Heroism is essential to politics. We live for the hour when a politician stands up in Theodore Roosevelt’s dusty arena and we recognize, with astonishment, that here is a person prepared to take risks, tell us what we don’t want to hear, face possible defeat for a principle, tackle insuperable odds, and by doing so, show us that politics need be not just the art of the possible, but the art of the impossible.
We are short of heroes everywhere these days, but particularly in politics. The Arab Spring appears to have consumed the leaders who rose up in the Cairo streets. In Burma, Aung San Suu Kyi has learned that it may actually be easier to be a saint than a politician. For the moment at least, she seems to have lost the moral voice she once possessed in captivity. There are political heroes aplenty in China, but most of them are in jail. In Russia, heroic resistance to tyranny survives in the offices of Memorial, the nongovernmental organization now suffering persecution; elsewhere, the political elites are cravenly riding in Putin’s chariot, even if they have no idea where he is taking them. In Europe, Angela Merkel inspires respect for competence, not for courage; François Hollande struggles to convey authority; and David Cameron seems content to be an imitation of a prime minister, not the unyielding, decisive thing itself. As for President Obama, he had courage in abundance once, when he launched that seemingly impossible bid for the presidency. Now, as we commend his prudence and circumspection, we also ask, where has his audacity gone?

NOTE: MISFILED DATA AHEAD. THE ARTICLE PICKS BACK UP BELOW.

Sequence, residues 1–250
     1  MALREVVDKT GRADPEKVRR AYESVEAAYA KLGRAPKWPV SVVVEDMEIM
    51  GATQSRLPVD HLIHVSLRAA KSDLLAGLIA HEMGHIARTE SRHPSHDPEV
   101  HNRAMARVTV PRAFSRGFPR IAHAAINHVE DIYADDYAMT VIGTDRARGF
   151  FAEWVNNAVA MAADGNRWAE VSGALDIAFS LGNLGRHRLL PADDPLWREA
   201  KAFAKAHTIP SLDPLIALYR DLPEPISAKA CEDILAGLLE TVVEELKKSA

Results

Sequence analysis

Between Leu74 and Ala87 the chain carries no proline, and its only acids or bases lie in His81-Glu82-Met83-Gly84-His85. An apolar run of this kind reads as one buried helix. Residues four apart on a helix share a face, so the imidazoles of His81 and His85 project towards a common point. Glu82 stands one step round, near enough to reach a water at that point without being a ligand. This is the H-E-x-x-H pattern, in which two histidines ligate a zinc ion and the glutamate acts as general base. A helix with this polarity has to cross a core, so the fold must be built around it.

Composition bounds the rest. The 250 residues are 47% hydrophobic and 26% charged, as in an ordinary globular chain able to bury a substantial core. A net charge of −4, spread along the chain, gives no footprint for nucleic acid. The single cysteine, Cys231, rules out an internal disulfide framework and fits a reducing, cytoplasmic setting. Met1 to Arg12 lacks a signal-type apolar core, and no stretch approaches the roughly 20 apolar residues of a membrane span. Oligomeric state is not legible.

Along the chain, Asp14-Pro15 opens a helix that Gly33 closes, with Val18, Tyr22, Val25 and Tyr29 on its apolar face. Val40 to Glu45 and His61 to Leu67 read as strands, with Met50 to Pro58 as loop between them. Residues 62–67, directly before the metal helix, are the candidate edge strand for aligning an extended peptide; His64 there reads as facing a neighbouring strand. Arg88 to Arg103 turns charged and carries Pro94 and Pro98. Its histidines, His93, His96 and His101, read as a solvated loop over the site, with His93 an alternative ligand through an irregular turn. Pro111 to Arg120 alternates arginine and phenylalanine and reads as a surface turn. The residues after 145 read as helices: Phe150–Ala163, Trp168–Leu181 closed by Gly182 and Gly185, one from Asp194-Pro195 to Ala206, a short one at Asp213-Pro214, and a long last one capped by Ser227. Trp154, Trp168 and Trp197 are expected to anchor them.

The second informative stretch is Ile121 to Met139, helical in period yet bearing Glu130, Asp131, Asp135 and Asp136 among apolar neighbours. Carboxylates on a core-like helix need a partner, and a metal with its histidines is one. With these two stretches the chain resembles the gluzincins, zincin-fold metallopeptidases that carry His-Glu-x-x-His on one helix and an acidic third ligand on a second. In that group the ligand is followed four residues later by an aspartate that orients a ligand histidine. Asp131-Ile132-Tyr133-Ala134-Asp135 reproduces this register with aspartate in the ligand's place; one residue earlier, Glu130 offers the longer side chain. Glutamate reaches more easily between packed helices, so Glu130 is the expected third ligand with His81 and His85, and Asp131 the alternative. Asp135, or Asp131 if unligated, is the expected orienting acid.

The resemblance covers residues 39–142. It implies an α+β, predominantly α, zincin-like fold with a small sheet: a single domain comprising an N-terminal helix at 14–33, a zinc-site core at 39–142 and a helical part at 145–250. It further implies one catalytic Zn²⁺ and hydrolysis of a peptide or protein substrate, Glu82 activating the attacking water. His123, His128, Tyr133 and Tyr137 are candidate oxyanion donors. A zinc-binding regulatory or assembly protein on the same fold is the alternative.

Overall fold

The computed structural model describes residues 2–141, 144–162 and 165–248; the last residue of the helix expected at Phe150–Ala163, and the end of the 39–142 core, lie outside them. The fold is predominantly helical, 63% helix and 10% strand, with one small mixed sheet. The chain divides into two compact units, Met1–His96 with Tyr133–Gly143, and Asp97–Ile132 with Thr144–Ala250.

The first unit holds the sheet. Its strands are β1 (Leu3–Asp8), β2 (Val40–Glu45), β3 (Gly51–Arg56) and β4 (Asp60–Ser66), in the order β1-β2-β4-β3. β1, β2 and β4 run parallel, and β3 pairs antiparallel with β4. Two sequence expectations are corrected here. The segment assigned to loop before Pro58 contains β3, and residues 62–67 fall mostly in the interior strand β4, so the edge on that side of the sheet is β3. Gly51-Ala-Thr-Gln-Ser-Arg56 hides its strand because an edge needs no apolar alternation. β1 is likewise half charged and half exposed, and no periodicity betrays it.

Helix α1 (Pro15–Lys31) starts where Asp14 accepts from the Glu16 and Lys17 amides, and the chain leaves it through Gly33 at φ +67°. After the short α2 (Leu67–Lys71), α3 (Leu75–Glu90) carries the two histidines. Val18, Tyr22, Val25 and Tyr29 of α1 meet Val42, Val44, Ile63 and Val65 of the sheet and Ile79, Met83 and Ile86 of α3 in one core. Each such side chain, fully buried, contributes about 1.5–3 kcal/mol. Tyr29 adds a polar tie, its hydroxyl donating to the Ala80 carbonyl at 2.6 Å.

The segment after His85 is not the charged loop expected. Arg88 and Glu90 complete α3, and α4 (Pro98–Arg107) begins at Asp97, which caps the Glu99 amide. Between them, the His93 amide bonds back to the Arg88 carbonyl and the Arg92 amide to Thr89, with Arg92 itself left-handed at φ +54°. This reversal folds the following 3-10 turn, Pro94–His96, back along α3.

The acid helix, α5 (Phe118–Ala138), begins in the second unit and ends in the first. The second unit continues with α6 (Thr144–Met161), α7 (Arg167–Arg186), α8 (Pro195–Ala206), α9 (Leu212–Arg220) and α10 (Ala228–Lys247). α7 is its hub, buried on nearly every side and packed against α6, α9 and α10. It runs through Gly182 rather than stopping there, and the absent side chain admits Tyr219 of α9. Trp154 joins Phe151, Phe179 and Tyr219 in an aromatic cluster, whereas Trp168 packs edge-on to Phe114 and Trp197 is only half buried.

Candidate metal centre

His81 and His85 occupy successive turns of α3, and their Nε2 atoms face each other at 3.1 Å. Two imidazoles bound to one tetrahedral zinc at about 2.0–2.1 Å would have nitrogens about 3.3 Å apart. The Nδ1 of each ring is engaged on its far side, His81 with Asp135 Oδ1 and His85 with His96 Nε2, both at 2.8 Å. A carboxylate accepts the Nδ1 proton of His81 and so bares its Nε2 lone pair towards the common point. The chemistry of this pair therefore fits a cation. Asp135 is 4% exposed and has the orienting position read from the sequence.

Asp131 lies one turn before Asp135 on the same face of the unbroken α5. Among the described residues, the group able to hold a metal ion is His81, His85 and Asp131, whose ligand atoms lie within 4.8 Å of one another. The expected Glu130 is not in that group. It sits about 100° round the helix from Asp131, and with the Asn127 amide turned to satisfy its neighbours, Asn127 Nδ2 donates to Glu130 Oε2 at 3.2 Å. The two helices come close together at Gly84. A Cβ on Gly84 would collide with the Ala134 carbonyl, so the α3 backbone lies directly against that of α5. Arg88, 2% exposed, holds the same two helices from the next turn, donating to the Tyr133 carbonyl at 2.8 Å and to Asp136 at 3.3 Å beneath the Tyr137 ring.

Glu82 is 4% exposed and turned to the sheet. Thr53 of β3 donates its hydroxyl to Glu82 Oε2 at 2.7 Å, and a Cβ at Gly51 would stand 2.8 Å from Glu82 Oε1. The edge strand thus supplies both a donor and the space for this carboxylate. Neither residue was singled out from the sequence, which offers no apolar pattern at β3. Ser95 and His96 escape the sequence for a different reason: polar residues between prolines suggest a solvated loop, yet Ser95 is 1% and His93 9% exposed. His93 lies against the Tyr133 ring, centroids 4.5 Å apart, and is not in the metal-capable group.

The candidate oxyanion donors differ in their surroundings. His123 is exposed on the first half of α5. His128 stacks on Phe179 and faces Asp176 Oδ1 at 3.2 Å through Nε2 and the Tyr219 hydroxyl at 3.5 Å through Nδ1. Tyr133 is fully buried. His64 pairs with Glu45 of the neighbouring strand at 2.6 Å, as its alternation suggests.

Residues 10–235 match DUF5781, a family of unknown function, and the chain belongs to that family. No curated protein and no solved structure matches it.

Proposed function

To find courage in the public realm, to remember what it can do to transform our hopes for politics itself, we have to go back to the canonical leaders of 1989 and 1990. The times demanded bravery, and leaders aplenty rose to the occasion. Gorbachev showed courage in not using force to hold his empire together. Mandela’s toughness and magnanimity guided South Africa from apartheid to black majority rule. In Poland, the shipyard worker Lech Wałęsa led his country to freedom. In Czechoslovakia, a playwright named Václav Havel defied imprisonment and intimidation to become the president of a free country.
A magnificent biography of Havel, by Michael Zantovsky, allows us to take the measure of his heroism in a new and complicated way. It helps us to think about the mystery of courage—why, in the case of Havel, bravery managed to take command of such a mild, inward intellectual, and such a flawed human being. The surprises in Zantovsky’s depiction begin with the photograph on the cover. Havel is disheveled, in a rumpled sweater over an open-necked shirt, running a hand through unkempt hair. He looks as if he wants the photographer to leave him in peace. Here is a man at bay, tired, disconsolate, at a loss for words—a man thinking, What the hell has happened to me?
Seeing a hero in disarray delivers a jolt. We’d much prefer to remember the triumphant images of a vanished era, when Havel spoke to a thronged Wenceslas Square in November 1989, when the “power of the powerless” propelled him from prison to the presidency. For those in my generation, who came of age in 1968, he defined what it was “to live in truth,” as he put it—what it was to wield political power without, or so we believed, being destroyed by it.